This document represents a preliminary exploration of school sanitation in South Africa as part of the study titled Evaluating the design of existing rural school sanitation infrastructure and developing a model and guidelines for optimal design which is being conducted by Partners in Development on behalf of the Water Research Commission. This document explores the background and status of school sanitation in South Africa and its legal environment and looks at best practice for the design of facilities and choice of systems and technologies. What this exploration revealed was the fact that the failure or success of infrastructure is fundamentally linked to the needs, resources, attitudes and beliefs of management and the users of school sanitation, and that any attempt to improve the status quo must come from a perspective of a “total solution” which addresses all of these elements coherently. While this document touches on how infrastructure interfaces with user needs and the implications for management, a careful review of models for management and user education is planned as the study progresses. It is clear that addressing these three elements – infrastructure, management and education together is vital in order to expect that any intervention might succeed.

We have produced this handbook for the Water Research Commission as part of a research study titled: Evaluating the design of existing rural school sanitation infrastructure and developing a model and guidelines for optimal design.

This model provides the tools necessary for setting up an effective programme for managing school sanitation systems. The tools can be modified and developed to meet the needs of your school. This model is based on 4 principles: The model starts by addressing the knowledge, values and vision that address the issue of WHY sanitation should be a priority. It moves on to look at WHAT needs to be done, WHO should be responsible and HOW toilets can be managed effectively on a day to day basis.

In 2014 a study was initiated by the South African Water Research Commission to evaluate school sanitation across three provinces: Limpopo, KwaZulu-Natal and Eastern Cape. The purpose was to attempt to compile a fair picture of the status of toilets and gain insights into key issues and needs which need to be understood and addressed in order for school sanitation not to fail. Following a review of guidance and other literature addressing school sanitation from around the world, 130 schools were visited. Principals and cleaners were interviewed and focus groups and surveys were conducted with learners regarding practices, perceptions and attitudes around school sanitation. In addition, visual assessments of school sanitation facilities were conducted by the research teams. The insights yielded from this data set have been combined with best practices identified in the literature review to produce this guideline.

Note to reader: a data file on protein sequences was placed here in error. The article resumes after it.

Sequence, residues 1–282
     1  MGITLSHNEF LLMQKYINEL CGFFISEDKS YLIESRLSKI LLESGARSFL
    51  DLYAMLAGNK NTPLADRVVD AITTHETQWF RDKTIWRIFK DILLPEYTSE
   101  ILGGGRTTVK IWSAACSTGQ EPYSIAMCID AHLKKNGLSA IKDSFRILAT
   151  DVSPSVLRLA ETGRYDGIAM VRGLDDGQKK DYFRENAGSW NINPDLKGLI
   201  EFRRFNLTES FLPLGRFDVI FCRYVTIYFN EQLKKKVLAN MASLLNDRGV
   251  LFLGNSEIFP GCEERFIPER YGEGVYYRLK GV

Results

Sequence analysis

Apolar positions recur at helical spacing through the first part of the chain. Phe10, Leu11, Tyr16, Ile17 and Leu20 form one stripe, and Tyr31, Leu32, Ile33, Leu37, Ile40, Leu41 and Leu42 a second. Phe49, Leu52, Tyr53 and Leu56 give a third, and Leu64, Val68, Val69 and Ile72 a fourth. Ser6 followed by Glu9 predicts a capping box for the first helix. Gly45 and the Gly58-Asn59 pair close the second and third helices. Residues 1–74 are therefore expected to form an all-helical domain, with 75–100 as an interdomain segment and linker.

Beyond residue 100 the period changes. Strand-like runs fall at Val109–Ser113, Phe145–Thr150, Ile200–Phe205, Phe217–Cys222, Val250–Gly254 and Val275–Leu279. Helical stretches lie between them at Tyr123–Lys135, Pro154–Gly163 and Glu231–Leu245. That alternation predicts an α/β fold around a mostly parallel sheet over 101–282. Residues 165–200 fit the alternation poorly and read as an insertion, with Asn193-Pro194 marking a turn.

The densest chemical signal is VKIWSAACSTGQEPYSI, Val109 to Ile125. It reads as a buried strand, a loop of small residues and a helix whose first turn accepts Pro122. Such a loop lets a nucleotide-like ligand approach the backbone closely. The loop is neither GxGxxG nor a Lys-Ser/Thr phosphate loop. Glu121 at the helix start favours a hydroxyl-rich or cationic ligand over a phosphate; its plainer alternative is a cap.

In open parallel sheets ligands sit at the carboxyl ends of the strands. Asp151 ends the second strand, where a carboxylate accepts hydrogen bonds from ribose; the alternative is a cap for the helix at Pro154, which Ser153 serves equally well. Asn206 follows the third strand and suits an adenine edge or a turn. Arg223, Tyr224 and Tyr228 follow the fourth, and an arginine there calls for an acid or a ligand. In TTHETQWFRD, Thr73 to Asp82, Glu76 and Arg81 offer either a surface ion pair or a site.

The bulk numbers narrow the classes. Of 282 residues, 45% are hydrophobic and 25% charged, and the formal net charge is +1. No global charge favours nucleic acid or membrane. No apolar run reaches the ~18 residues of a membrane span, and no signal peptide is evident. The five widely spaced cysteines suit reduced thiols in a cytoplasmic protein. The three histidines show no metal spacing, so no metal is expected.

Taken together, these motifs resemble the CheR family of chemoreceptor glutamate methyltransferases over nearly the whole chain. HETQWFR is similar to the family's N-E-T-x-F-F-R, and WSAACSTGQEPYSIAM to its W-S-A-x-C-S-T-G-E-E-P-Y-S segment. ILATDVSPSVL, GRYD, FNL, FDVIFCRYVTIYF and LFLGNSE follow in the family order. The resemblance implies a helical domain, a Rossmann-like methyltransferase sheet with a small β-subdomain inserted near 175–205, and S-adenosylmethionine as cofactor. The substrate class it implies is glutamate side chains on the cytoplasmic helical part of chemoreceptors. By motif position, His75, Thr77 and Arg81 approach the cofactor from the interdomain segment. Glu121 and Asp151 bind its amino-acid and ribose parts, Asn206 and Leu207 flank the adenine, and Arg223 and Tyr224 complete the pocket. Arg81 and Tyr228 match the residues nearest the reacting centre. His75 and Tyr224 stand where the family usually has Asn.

This study investigated the application of the deep row entrenchment method under South African
conditions with the aim of establishing whether the use of pit latrine and wastewater sludges as a
fertilizer substitute for the agro-forestry sector can be recommended and thereby also establishing a
safe and beneficial technique for the disposal of faecal and wastewater sludges.

The development of the deep row entrenchment method in the 1970s and subsequent studies were
reviewed as were the South African guidelines for the utilisation of wastewater sludge. No guidelines
currently exist for the classification or utilisation of pit latrine sludge. Pit latrine sludge was buried at
different loading rates on a sandy site at a disused oxidation pond in Umlazi, south of Durban, and
wastewater sludge from the Howick Wastewater Treatment Works was entrenched at a Sappi
research site near Howick. The sites were characterised and monitored over time in order to